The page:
Exercise for sarcopenia in older people: a systematic review and network meta-analysis

Review written by Dr Mariana Wingood info

Key Points

  1. Resistance training is an essential component of preventing, managing, and reversing Sarcopenia.
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BACKGROUND & OBJECTIVE

The prevalence of Sarcopenia is growing, with current prevalences being 8-36% among those <60 years of age and from 10- 27% among those ≥60 years (1). Sarcopenia is associated with poor quality of life, falls, fractures, functional decline, disability, hospitalization, and mortality (2). Sarcopenia is a progressive loss of muscle mass and function, the diagnosis and definitions of Sarcopenia vary globally (1). However, one aspect of Sarcopenia that is agreed upon most, is the ability to utilize exercise and nutrition to prevent sarcopenia, manage sarcopenia, and even reverse Sarcopenia. Despite exercise being the fundamental intervention for sarcopenia, evidence for what the most effective type of exercise is, is conflicting.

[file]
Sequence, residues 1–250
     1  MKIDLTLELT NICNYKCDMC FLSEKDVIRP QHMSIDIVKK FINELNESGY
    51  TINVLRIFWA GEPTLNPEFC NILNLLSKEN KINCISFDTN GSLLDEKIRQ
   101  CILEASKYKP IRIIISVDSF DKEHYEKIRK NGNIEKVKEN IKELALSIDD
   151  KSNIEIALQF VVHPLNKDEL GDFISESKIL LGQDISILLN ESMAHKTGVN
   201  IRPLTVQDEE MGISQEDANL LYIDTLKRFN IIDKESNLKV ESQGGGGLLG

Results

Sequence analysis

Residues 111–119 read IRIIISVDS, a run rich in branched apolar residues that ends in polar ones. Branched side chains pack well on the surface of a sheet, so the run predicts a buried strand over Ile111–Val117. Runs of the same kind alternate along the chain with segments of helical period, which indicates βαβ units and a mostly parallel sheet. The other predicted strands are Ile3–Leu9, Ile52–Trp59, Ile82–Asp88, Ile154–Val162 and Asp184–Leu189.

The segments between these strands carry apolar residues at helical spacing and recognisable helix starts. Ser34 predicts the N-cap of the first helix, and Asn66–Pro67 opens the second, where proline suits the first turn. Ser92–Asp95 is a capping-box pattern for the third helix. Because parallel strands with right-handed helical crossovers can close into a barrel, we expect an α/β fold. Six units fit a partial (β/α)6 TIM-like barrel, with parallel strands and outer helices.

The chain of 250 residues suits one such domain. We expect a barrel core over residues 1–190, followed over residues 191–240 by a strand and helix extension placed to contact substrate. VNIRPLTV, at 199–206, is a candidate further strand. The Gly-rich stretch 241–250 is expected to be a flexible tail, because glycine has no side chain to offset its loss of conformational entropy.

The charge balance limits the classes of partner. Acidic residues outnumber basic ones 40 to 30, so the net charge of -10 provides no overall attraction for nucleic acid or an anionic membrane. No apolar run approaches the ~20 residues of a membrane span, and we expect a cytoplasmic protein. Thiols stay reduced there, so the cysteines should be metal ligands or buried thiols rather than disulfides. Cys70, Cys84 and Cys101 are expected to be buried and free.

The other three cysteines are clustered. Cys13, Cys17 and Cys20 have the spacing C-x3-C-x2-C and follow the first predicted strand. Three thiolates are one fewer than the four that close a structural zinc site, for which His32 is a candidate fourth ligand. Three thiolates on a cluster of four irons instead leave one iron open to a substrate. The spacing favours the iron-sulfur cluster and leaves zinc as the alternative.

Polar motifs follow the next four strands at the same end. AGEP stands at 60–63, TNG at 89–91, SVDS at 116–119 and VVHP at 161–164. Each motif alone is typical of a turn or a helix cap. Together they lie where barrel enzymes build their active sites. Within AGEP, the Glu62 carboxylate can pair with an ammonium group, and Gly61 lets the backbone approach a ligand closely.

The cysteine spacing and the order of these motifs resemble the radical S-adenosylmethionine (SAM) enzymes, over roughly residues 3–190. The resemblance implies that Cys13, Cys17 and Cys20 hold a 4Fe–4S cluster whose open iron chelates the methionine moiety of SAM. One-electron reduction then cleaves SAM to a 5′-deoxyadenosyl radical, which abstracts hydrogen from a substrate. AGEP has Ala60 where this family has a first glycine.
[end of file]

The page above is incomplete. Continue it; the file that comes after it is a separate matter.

The objective of this study was to compare the effectiveness of different exercise types for older adults with sarcopenia.

Sarcopenia current prevalence sits at being 8-36% among those <60 years of age and from 10- 27% among those ≥60 years.
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Resistance training is the essential component of interventions that aim to improve quality of life and muscle strength.

METHODS

Study Design and Inclusion: Systematic review and meta-analysis that included randomized controlled trials that examined the effectiveness of exercise interventions on patient-important outcomes (e.g. mortality, quality of life, muscle strength, and physical function measures) for older adults with sarcopenia, defined

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